Goodbye Lexington: Owner to Shut Doors to Beloved Lesbian Bar

The Lexington Club. (Wikimedia Commons)

The Lexington Club has been serving San Francisco’s lesbian women since 1997. It’s one of the few places that community in the city can call their own, and now they must say goodbye.

To some people, "The Lex" is more than a bar -- it's a community space, billed as "Your Friendly Neighborhood Dyke Bar."

It's been open every night, even on holidays, and never charged a cover. It hosts shows, parties, community meetings and political events. New DJs could try their hand at mixing and new bands were always welcome.

Owner Lila Thirkield says it’s been an important place for young women moving to the city.

“A lot of people are going to be losing home base,” Thirkield says, adding that the Lex has been a safe space for people to experiment and figure things out. “What somebody looks like when they roll into town and what they look like a year later is completely different."


Thirkield says she is closing because her clientele has been forced to leave the city due to rising costs. It's situated at the corner of 19th and Lexington streets, near Valencia, a part of the city that used to be a well-known LGBT-friendly community.

“We served what was a huge queer women neighborhood in the '90s," Thirkield says, "and now I find it to be largely different from that. I think that’s why our sales have slowed down ... We are not just losing bars but the cultural edges with what’s changing here.”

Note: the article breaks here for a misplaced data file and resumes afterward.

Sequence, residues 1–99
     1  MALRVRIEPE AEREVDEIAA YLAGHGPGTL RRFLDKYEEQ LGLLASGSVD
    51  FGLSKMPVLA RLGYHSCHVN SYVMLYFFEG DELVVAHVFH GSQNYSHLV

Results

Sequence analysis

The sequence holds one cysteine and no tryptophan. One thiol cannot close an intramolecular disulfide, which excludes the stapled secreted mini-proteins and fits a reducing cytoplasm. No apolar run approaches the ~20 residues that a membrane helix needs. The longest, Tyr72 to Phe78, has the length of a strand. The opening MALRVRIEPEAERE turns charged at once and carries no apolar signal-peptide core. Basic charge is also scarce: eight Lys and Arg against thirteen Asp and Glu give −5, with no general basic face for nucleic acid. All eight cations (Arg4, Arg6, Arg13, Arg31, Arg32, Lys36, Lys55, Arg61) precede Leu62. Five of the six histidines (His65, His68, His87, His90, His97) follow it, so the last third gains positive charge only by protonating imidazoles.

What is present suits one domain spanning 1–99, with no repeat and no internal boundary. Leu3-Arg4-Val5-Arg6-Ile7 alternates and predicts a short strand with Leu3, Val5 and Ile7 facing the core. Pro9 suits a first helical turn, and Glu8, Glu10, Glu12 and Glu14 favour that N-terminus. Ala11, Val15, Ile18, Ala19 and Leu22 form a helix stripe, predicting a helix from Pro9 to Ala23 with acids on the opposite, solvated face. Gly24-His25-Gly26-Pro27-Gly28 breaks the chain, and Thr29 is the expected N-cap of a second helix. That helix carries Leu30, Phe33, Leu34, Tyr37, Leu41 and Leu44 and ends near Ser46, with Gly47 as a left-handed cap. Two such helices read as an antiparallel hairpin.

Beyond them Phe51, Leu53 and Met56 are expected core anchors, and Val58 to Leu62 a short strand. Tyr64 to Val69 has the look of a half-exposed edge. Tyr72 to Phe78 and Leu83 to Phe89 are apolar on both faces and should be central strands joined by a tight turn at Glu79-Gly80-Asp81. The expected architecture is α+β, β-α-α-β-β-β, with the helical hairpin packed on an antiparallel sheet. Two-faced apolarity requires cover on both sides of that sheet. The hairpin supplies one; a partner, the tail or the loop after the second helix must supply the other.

Though the bar looks like it will close, the East Bay Express reports on an effort to preserve the place's memory: The Lexington Club Archival Project.

Thirkield opened the Lexington Club when she was just 25 years old, when the city seemed much different, she says.

“It was pretty exciting but very doable back then. My rent at the bar was cheaper than my rent on my apartment,” says Thirkield. “There were people flooding through the doors as soon as we opened them. It was clearly something this city needed and wanted.”

The Lexington Club has been busier the last couple months as people have come to say their goodbyes. Bartenders have seen a lot of old faces come back -- some people have even flown in from out of town, Thirkield says. She was nervous to make the announcement last fall, but says she's seen a great outpouring of love from the community.

The Lex is having its final party Saturday. Its last night of service will be April 30.